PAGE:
After a number of high profile cases where both children and survivors clearly weren't adequately protected, the Charity Commission here in the UK launched an investigation into the WBTS as a whole here in Britain. The main concerns are around the child safeguarding policies being inadequate. WBTS have fought every step of the way so far.
WBTS have been to the High Court, who told them to complain to the proper Tribunal.
WBTS have been to the proper Tribunal, who told them that too darn right there were suitable grounds for the Charity Commission to want to investigate their inability to protect children.
And now the WBTS have gone back to the Court of Appeal to demand that the Charity Commission inquiry be halted.
I hope the Court of Appeal tells them that, yes, they too need to have proper safeguarding measures for children and to get on with co-operating with the investigation.
Charity Commission defends its investigation into Jehovah's Witness charity in the Court of Appeal
Following decisions against them at the Charity Tribunal and High Court, the trustees of the Watch Tower Bible and Tract Society of Britain (the leading Jehovah’s Witness charity in the UK) have asked the Court of Appeal to permit their legal challenge to the statutory inquiry into their activities that was opened by the commission in 2014. No decision was reached today.
The commission is investigating how Watch Tower safeguards children and adults at risk. It has been seeking access to the registered charity’s records since 2014. Watch Tower disputes the legal basis of the commission’s inquiry and its order seeking documents from the charity. Today’s hearing forms part of its longstanding litigation against the commission. The commission has argued that the Charity Tribunal is the appropriate venue for such cases. It has warned that if the Court rules otherwise, it may risk excluding less well-funded charities from accessing justice via the less costly Tribunal.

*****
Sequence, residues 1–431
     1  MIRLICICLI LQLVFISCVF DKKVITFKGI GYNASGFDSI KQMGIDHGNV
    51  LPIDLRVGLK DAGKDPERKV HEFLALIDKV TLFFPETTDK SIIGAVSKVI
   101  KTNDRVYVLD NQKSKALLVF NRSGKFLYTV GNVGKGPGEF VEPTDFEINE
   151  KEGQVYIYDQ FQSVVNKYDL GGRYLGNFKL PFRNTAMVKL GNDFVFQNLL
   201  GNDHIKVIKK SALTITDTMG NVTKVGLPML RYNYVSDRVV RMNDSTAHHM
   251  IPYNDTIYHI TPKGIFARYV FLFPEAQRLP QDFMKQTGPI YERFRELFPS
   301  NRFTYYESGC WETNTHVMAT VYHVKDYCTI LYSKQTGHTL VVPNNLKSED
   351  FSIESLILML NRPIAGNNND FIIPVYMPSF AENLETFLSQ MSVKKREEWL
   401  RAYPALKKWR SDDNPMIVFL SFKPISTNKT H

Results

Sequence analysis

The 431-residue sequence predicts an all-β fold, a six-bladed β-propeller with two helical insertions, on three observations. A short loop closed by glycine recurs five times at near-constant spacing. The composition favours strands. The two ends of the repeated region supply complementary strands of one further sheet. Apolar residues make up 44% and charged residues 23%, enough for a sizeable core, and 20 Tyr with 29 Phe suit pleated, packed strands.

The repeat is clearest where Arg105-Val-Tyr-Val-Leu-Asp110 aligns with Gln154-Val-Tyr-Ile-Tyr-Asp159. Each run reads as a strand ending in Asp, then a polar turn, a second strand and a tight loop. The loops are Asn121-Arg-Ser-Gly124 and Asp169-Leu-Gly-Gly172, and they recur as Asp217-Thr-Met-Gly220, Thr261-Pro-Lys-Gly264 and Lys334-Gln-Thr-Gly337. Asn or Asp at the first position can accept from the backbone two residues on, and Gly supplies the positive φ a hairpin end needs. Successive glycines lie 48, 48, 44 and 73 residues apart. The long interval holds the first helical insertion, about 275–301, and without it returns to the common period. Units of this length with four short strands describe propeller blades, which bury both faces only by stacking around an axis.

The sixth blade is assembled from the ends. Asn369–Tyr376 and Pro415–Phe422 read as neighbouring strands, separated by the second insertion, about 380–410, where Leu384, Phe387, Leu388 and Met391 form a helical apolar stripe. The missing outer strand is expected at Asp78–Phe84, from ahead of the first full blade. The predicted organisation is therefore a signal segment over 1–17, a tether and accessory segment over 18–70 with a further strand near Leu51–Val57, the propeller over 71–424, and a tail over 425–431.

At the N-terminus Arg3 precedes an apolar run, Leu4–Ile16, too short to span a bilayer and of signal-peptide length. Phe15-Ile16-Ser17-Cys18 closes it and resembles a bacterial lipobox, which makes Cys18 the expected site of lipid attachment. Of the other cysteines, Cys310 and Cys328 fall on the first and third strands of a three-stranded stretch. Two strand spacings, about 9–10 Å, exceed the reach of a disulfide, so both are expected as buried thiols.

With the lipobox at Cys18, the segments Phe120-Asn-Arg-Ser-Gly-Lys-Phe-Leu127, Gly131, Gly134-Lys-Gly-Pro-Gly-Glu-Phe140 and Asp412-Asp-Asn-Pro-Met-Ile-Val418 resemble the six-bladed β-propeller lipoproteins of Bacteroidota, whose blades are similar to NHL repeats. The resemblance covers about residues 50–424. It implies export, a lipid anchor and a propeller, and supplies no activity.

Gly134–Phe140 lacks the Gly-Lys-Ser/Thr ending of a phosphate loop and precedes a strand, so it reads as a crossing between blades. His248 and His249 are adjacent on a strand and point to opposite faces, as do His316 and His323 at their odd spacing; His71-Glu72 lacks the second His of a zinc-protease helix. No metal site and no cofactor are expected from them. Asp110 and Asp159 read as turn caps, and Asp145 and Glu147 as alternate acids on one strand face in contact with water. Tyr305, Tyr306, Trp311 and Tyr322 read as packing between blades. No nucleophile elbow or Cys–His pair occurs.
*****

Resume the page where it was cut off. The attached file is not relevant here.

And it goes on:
The commission is committed to robustly investigating allegations that charities do not have adequate safeguarding policies and practices. It continues to defend its statutory inquiry into Watch Tower. It encourages people who have been affected by safeguarding in congregations of Jehovah’s Witnesses in England and Wales to make contact with the inquiry lead investigator Jonathan Sanders at [email protected]
Members of the public can contact the commission with any safeguarding or other concerns about charities via Complain about a charity.